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Waymo sued Uber and Ottomotto for patent infringement and violations of trade secret laws, claiming that its former employee, Levandowski, improperly downloaded documents related to Waymo’s driverless vehicle technology, then left Waymo to found Ottomotto, which Uber subsequently acquired. Before that acquisition closed, counsel for Ottomotto and Uber retained Stroz to investigate Ottomotto employees previously employed by Waymo, including Levandowski. During discovery, Waymo successfully moved to compel the defendants to produce the Stroz Report. Waymo also subpoenaed Stroz to obtain the Report plus the communications, documents, and devices provided to Stroz. Levandowski, Ottomotto, and Uber unsuccessfully moved to quash the subpoena, arguing that the Report was subject to attorney-client privilege or work-product protection. The Federal Circuit denied Levandowski’s petition for mandamus relief. Levandowski failed to articulate any persuasive reasons why disclosure of the Report should be barred; the possibility of admissions against his interest is a valid function of civil discovery. The court rejected Levandowski’s “unsupported assertions” that the district court would be unable to “cleanse the trial of all taint from the improper disclosure,” noting that the court had examined the Report in camera and declined to exclude it. The district court properly determined that the common interest doctrine did not apply, found that Levandowski waived work-product protection, and rejected Levandowski’s claim of Fifth Amendment privilege. View "Waymo LLC v. Uber Technologies, Inc." on Justia Law

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Southwire’s patent is directed to a method of manufacturing an electric cable, wherein a lubricant is incorporated into the outer sheath such that the lubricant migrates to the surface of the sheath and results in a reduction in pulling force required to install the cable. One prior art solution for reducing the pulling force on a cable during installation was a post-manufacturing method of coating the cable's exterior surface with a lubricant, such as petroleum jelly, immediately before installation. Southwire explains that this was expensive and inefficient; its patent purports to improve upon such methods by incorporating a lubricant into the cable sheath material during manufacture so that the finished cable sheath comprises a lubricant that will migrate to the exterior of the sheath and lubricate the surface during installation. The Federal Circuit affirmed a determination, on inter partes review, that 42 claims are unpatentable under 35 U.S.C. 103. While the Patent Board erred in relying on inherency without finding that prior art necessarily would achieve a 30% reduction in pulling force, but rather finding that it merely renders that limitation obvious, the error was harmless because the Board made the necessary underlying factual findings to support an obviousness determination. View "Southwire Co. v. Cerro Wire LLC" on Justia Law

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Lifetime’s patent describes a two-part seal for use in a mobile living quarters (recreational vehicle) with a slide-out room. A slide-out room is formed by extending a portion of the side wall of the RV outward to create extra interior space. The Federal Circuit reversed dismissal of Lifetime’s infringement suit against Trim-Lok. Lifetime adequately alleged that Trim-Lok directly infringed. Commercial manufacture is not the only way that a combination can infringe. Although Lifetime did not allege that Trim-Lok made the RV onto which it installed the seal, Lifetime did allege that that an agent of Trim-Lok installed the seal onto the RV, and that the resulting seal-RV combination infringed the patent. Lifetime also plausibly alleged that Trim-Lok induced infringement; it adequately pleaded that Trim-Lok had knowledge of the patent before the allegedly infringing act and that Trim-Lok had the intent to infringe. View "Lifetime Industries, Inc. v. Trim-Lok, Inc." on Justia Law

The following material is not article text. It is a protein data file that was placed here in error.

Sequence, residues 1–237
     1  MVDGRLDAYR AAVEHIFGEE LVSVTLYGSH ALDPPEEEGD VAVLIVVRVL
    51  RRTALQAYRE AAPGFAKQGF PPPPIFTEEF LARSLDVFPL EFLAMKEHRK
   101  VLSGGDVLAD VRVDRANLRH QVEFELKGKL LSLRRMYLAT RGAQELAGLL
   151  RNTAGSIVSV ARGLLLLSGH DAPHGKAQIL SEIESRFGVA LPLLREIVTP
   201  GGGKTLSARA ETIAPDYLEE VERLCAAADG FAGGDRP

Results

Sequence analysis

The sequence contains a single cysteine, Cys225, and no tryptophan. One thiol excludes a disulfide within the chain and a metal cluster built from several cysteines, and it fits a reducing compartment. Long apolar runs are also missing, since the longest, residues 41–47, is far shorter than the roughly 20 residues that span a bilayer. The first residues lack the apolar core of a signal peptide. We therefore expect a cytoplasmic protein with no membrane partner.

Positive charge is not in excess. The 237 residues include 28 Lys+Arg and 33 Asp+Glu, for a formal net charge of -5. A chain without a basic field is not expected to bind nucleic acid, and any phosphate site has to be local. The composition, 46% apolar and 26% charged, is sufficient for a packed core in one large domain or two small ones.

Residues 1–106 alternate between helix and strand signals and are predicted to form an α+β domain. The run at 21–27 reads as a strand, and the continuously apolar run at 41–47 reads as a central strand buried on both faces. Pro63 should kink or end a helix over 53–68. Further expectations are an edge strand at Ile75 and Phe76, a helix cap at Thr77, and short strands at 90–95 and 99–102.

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Kraft’s patent, issued in 2005, describes a combination of two known kinds of packaging. One, common for cookies, uses a frame surrounded by a wrapper. The other, common for wet wipes, uses a package on which the label may be pulled back to access the contents, then put back in place to reseal the package to preserve the items remaining inside. In Kraft’s infringement suit against Kellogg, the district court entered summary judgment of invalidity for obviousness, 35 U.S.C. 103, but rejected Kellogg’s counterclaim of unenforceability of the patent due to alleged inequitable conduct by Kraft, chiefly in an ex parte reexamination proceeding. The Federal Circuit affirmed, finding no error in the sequence of steps the district court took in arriving at its ultimate obviousness determination and upholding the court’s conclusion that any reasonable jury would have to find a motivation to combine. Kellogg’s evidence was insufficient to permit a finding of the intent required for inequitable conduct based on Kraft’s reexamination arguments. View "Intercontinental Great Brands, LLC v. Kellogg North America Co." on Justia Law

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SynQor owns several patents directed to a particular architecture for direct current-to-direct current (DC-DC) power converters. Vicor requested, and the Patent and Trademark Office granted, inter partes reexaminations of the SynQor Patents. The Patent Trial and Appeal Board concluded that certain claims were patentable over prior art combinations proposed by Vicor but that that certain claims in another patent were unpatentable as anticipated or obvious. In a consolidated appeal, the Federal Circuit affirmed in part and vacated in part, finding that, despite sharing a common panel and having opinions issued on the same date, the decisions in the respective reexaminations contained inconsistent findings on identical issues and on essentially the same record. The conflicting findings were unsupported by any rational explanation in either of the Board’s decisions. View "Vicor Corp. v. SynQor, Inc." on Justia Law